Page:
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For whom would bin Laden vote?

David Frum wouldn't bite. On Monday, writing for National Review Online, the former speechwriter for George W. Bush called the surprising outcome of the Spanish election a "mighty victory" for terrorism. On Tuesday, he was back in NRO, writing, "For decorum's sake, Senator Kerry refrained from crowing over the Spanish result yesterday. But I doubt he will be able to restrain himself for long." But on Tuesday afternoon, standing just a few feet away following a talk at Harvard's Kennedy School, Frum demurred when I asked him if he saw any parallels between the Spanish and American election campaigns.

Referring to the victory that voters handed to Spain's Socialist Party which, like an estimated 90 percent of the Spanish public, opposes Spain's participation in the war in Iraq Frum told me, "Their decision has created incentives for Al Qaeda that are absolutely terrifying." The danger, he said, is that terrorists will think they can influence elections in other pro-US democracies, such as Britain, Italy, and Japan.

Well, if the terrorists care who wins in other countries, wouldn't they care who wins in the US? "Whether they care is unclear. What outcome they would prefer is unclear," Frum responded. The difference, he explained, is that Al Qaeda wants to drive a wedge between the United States and its European allies, and carrying out terrorist acts to help anti-American political parties is one way to do that.

Now, I'm not a mind-reader. But Frum has given every indication of being someone who believes Al Qaeda would prefer John Kerry to Bush. Earlier on Tuesday, for instance, he said he saw Kerry as someone who, as president, would find it "very, very painful" to be at odds with our European allies, and who is uncomfortable with defining terrorism "as a military problem." In his NRO piece on Tuesday, Frum closed with this: "And if the idea ever takes hold that al Qaeda is planting bombs with a view above all to defeating George W. Bush.... Well let's just say that even Senator Kerry, much as he delights in collecting the endorsements of foreign leaders real and imaginary, would very much prefer to do without Osama bin Laden's." Then, too, Frum is a staunch supporter of the war in Iraq, which Kerry voted for but whose prosecution he has bitterly criticized.

What this all adds up to, in the Frum view of the world, is one thing: A vote for Kerry is a vote for terrorism. Only he dares not say it, at least not quite so explicitly, not at Harvard, not in front of all those liberals.

The subject of Frum's talk, "Whose Side Are You On? The Media in the War on Terror," dealt with the familiar media-ethics issue of whether a journalist especially in a time of war should ever place the needs of his country over the imperatives of his or her profession. Frum's answer: most definitely yes. "A journalist is first and foremost a citizen," he said.

In the abstract it might be possible to agree with Frum. His specifics, though, revealed some serious limitations in his thinking. For instance, the subject turned to the Vietnam War, as these things usually do. Frum's view was that the media, after having been lied to for too many years, went from being "way too optimistic" before 1969 to "way too pessimistic" after, even though the situation for the US had begun to improve. Frum called such cynicism "one of the reasons that the Vietnam War was lost." Yet in expressing such a view, Frum missed entirely the most essential critique: that Vietnam wasn't ours to lose, and that we had immorally (even if our original motives were idealistic) inserted ourselves into a civil war that was none of our business.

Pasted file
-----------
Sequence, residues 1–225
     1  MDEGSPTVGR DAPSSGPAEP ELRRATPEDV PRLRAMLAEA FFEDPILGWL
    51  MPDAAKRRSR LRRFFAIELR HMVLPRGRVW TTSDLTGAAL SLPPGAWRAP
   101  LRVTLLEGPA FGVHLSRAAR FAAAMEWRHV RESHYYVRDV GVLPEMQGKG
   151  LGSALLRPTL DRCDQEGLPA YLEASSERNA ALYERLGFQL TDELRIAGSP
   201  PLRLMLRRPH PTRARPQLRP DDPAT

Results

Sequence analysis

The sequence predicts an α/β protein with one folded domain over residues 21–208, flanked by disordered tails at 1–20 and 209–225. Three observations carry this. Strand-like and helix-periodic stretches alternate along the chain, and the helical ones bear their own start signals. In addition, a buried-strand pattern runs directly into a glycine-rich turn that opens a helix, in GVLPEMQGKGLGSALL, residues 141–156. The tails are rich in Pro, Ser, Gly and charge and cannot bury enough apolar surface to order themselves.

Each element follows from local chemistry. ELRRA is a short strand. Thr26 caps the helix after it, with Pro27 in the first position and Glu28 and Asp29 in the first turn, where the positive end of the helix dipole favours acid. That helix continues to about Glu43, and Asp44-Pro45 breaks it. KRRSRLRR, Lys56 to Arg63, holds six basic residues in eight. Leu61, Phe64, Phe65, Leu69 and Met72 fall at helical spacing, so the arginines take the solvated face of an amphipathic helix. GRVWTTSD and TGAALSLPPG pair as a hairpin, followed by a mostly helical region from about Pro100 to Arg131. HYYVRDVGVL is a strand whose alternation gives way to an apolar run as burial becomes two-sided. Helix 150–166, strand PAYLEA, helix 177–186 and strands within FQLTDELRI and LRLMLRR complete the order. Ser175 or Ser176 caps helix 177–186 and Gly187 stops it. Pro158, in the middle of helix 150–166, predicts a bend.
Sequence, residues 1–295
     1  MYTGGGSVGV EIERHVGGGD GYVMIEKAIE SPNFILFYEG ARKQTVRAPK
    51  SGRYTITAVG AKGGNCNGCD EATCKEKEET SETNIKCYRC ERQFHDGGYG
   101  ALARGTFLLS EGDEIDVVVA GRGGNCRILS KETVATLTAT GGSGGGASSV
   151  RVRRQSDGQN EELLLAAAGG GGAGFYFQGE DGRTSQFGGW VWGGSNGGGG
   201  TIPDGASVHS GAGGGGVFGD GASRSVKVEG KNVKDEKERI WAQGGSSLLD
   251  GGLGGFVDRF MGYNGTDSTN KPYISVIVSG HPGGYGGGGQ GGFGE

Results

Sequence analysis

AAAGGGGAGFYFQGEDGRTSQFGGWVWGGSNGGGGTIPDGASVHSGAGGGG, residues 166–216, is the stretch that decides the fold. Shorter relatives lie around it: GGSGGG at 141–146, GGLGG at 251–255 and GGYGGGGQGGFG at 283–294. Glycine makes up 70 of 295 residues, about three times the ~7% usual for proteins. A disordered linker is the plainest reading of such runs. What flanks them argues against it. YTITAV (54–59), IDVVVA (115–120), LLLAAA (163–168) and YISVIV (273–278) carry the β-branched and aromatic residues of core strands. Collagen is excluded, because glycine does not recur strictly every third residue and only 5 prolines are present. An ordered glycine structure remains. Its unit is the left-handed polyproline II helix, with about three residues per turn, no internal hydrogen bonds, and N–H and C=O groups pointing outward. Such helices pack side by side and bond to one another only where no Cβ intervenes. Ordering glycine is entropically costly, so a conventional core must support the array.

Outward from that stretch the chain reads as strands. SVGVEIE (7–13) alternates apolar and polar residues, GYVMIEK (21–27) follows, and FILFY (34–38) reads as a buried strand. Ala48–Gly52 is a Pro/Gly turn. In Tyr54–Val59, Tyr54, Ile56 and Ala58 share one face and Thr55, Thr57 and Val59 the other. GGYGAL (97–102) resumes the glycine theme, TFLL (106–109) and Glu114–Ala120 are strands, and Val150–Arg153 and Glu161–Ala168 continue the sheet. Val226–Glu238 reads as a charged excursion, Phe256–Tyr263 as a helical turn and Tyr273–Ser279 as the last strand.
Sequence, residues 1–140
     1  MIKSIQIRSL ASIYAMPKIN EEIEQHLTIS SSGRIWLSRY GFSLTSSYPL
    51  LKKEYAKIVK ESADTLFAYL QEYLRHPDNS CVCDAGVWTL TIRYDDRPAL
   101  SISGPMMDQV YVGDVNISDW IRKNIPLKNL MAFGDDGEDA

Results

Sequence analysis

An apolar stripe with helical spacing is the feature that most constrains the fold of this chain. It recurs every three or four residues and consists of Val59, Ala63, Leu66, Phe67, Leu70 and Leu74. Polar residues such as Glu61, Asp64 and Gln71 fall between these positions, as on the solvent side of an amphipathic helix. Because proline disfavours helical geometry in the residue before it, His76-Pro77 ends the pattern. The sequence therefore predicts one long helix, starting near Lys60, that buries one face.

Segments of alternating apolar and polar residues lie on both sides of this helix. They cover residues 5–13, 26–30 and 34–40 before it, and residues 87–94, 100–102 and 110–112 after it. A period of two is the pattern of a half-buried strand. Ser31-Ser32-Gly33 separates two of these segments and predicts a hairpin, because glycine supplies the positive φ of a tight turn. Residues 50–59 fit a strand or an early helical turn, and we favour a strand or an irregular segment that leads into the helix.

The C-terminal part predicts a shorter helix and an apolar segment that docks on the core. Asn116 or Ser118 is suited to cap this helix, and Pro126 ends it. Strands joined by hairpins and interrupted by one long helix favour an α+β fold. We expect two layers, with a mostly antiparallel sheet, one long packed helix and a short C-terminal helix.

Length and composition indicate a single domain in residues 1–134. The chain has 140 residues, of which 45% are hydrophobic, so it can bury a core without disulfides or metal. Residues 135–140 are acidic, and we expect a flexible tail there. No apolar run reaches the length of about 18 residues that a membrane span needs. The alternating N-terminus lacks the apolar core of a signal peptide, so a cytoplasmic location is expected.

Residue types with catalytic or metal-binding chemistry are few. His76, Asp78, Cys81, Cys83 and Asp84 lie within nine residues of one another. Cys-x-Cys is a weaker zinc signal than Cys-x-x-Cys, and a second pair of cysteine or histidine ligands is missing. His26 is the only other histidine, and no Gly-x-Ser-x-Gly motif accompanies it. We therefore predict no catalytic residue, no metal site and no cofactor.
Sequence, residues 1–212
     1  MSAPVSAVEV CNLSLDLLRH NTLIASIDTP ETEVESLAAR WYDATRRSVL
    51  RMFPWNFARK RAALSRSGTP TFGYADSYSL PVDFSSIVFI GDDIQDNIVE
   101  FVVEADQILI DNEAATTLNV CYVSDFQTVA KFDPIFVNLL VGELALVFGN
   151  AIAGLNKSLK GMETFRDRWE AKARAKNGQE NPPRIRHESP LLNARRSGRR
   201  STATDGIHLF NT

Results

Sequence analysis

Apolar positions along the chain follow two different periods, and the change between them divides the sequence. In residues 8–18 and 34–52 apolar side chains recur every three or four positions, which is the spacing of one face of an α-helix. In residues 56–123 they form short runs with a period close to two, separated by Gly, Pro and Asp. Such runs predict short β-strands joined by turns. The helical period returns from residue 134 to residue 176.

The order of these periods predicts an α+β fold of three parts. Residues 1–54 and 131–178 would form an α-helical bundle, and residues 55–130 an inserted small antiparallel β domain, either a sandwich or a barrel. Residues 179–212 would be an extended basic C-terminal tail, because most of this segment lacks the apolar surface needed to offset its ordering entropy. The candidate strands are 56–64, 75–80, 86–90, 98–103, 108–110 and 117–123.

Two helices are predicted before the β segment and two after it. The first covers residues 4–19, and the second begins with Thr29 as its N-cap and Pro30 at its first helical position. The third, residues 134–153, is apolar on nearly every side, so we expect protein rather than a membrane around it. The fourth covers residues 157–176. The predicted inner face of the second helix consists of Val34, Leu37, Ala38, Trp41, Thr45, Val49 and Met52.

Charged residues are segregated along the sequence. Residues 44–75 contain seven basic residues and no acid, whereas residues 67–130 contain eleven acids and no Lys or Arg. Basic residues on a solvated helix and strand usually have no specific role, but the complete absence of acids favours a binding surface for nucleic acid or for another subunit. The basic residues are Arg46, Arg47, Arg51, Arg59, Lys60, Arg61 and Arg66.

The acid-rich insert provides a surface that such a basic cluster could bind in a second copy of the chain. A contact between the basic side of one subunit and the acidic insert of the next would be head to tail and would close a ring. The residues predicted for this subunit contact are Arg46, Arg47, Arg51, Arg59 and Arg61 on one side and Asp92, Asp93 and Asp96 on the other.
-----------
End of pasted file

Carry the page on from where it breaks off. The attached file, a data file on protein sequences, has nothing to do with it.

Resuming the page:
Similarly, Frum spoke of the disconnect between the pessimistic media view of what's going on in postwar Iraq and the more hopeful reports being sent back by many Americans on the ground, including US troops. The "cumulative" impact of such reporting, Frum warned, can lead to the "demoralization of the population" the American population, that is.

Well, yes, we deserve an accurate picture of what's happening in Iraq today, and to the extent that the media are painting an unduly negative picture, they ought to stop. But again, Frum is skimming the surface and eliding the more basic questions the most crucial of which is why we went to war at a time when there were UN weapons inspectors in Iraq, no-fly zones over much of the country, and economic sanctions in place. Frum said he believes it would be "patriotic" for a journalist to expose the flaws in a weapons system. To borrow what one of his questioners asked him, isn't it equally patriotic to expose the flaws in a foreign policy?

In an informal back-and-forth that followed the main event, Frum was asked how he could defend the war given that Iraq apparently had no weapons of mass destruction, and given that there were no ties between Iraq and Al Qaeda.

"It's hard to say that after 3/11," Frum replied, referring to the terrorist attacks in Madrid. He's right. The attacks have all the appearance of having been carried out by Al Qaeda in retaliation for Spain's sending troops to Iraq. But Frum surely knows and this is a point that Retired General Wesley Clark, among others, has made over and over that Bush's war transformed a secular dictatorship into a haven for Islamist terrorists. We will be dealing with the implications of that for at least a generation.

Issue Date: March 19 - 25, 2004
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